Jean Sibelius, Andante Festivo
Jean Sibelius, the great titan of Finnish music, wrote the first version of his Andante Festivo in 1922, on commission by a factory celebrating the twenty-fifth anniversary of its founding. Originally a string quartet, he expanded it for double quartet in 1929, for the wedding of his niece, and then adapted it once more the following year, for string orchestra and optional timpani. By 1939, his compositional energies sapped, he was ten years into retirement. He emerged from seclusion on New Year’s Day of that year to conduct his work at a benefit concert—the live performance was sent across the radio waves to the United States, as part of the celebration of the World Exposition in New York. Sibelius worked prolifically and to great acclaim as a conductor from 1891 to 1928, but the recording of his 1939 Andante Festivo broadcast is only the surviving example if his conducting to be preserved for posterity. This richly majestic work is still performed regularly at state and other important occasions in Finland.
Edward Elgar, Serenade for Strings
English composer Edward Elgar wrote his Three Pieces for String Orchestra, which formed the basis of his Serenade for Strings, in 1888, at the age of thirty-one. They were never published, but Elgar wrote to a friend, “I like ‘em. (The first thing I ever did).” In the spring of 1892, three years into his happy marriage to Alice Robert, he had recovered from a nasty bout of winter flu, and wrote the Serenade, a wholesale transformation of the earlier Three Pieces. His inscription in the score may help explain the lyrical, delicately romantic nature of the work: “Braut [his pet name for his wife] helped a great deal to make these little tunes signed EE.” The Serenade is in three movements, with the first tied together by a dotted rhythmic figure introduced by the violas. The second movement, a gorgeous and finely-wrought larghetto, may be one of the most beautiful melodies the composer ever wrote. The last movement feints as if to return to the opening musical material of the first movement, but instead unwinds the second theme, fading away into wistful memory.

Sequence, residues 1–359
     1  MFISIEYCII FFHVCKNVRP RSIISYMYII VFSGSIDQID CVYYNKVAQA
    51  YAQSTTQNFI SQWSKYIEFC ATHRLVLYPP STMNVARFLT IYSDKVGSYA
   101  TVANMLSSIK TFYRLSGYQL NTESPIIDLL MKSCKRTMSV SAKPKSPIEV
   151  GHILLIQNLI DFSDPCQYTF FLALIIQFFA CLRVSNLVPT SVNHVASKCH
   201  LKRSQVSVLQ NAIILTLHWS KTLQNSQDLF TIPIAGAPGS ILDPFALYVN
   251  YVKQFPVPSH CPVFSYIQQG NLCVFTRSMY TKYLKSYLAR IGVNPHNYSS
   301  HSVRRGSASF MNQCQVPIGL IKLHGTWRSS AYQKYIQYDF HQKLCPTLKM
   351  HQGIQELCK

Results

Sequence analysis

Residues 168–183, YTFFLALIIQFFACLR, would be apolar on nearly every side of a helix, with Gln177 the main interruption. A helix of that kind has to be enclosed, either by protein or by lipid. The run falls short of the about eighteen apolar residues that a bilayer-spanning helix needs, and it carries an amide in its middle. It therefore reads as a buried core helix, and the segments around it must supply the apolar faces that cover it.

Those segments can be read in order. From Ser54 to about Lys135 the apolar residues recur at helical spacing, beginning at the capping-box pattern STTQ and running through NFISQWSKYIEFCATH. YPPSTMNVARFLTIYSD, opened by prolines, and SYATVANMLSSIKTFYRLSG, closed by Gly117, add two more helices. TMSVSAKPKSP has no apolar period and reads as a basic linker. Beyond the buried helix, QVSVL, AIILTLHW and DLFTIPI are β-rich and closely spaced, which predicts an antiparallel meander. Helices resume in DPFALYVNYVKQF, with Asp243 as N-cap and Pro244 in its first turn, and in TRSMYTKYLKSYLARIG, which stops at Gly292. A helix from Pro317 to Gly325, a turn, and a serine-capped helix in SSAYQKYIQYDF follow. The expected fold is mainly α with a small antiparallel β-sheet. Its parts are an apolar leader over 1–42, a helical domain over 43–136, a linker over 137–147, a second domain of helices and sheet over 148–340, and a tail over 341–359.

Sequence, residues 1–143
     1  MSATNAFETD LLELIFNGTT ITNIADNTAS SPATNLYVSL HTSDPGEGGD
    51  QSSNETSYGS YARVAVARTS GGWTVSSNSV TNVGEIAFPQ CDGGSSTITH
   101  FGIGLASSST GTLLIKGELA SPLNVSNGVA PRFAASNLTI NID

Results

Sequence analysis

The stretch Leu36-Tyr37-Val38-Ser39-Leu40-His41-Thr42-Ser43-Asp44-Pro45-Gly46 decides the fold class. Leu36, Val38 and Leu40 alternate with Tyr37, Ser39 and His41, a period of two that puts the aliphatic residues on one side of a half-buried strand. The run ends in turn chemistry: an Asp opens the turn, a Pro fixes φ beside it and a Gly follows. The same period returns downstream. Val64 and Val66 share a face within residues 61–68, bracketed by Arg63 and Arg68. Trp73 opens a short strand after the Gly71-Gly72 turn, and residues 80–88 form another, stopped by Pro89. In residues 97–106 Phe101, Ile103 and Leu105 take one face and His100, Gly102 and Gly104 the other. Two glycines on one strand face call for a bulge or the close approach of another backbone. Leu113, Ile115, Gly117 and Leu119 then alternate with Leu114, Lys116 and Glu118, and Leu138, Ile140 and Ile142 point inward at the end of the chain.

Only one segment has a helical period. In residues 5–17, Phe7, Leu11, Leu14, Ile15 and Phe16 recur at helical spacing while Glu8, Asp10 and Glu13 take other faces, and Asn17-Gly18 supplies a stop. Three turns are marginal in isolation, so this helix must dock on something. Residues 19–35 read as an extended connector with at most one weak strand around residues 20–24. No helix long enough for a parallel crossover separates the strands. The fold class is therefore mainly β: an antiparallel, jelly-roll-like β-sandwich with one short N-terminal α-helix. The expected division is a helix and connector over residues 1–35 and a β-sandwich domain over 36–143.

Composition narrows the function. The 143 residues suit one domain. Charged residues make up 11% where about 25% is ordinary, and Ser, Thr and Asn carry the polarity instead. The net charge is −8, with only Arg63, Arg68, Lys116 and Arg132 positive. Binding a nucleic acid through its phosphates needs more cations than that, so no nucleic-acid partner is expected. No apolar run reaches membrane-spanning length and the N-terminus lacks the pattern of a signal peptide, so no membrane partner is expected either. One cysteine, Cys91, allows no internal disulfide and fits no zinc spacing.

Giovanni Bottesini, Tarantella
Giovanni Bottesini was born in Crema, Italy, the son of an accomplished musician. As a child, he showed tremendous aptitude, studying violin, singing in choirs, and playing timpani professionally. He applied to the Milan Conservatory at the age of fourteen; the only open scholarship slots were for a bassoonist and a contrabassist, so the young musician switched contrabass, an instrument he would master and champion for the remainder of his illustrious career. An eminent performer, composer, and conductor—a lifelong friend of Guiseppe Verdi, he conducted the premier of the great opera composer’s Aida in Cairo in 1871—he is now best known for his compositions for solo contrabass, including tonight’s Tarantella.
Ludwig van Beethoven, Symphony No. 7
At a benefit concert for Austrian and Bavarian veterans of the Napoleonic Wars on December 8, 1813, Ludwig van Beethoven’s Wellington’s Victory was the hit of the night, rapturously cheered by the Vienna audience. The composer’s Symphony No. 7 received an enthusiastic ovation as well, particularly its second movement, which received an immediate encore, and in relatively short order eclipsed the brash potboiler Wellington in the esteem of both critics and the public. Richard Wagner called the work “the apotheosis of the dance”—each of its movements seems to be a dance grown to mammoth, un-danceable proportions, from the colossal gigue of the first movement to the wild Scottish reel of the finale. Perhaps connected to (or subverting) the Viennese love of dance, but certainly transcending the whole question, the symphony remains a favorite of audiences to the present day.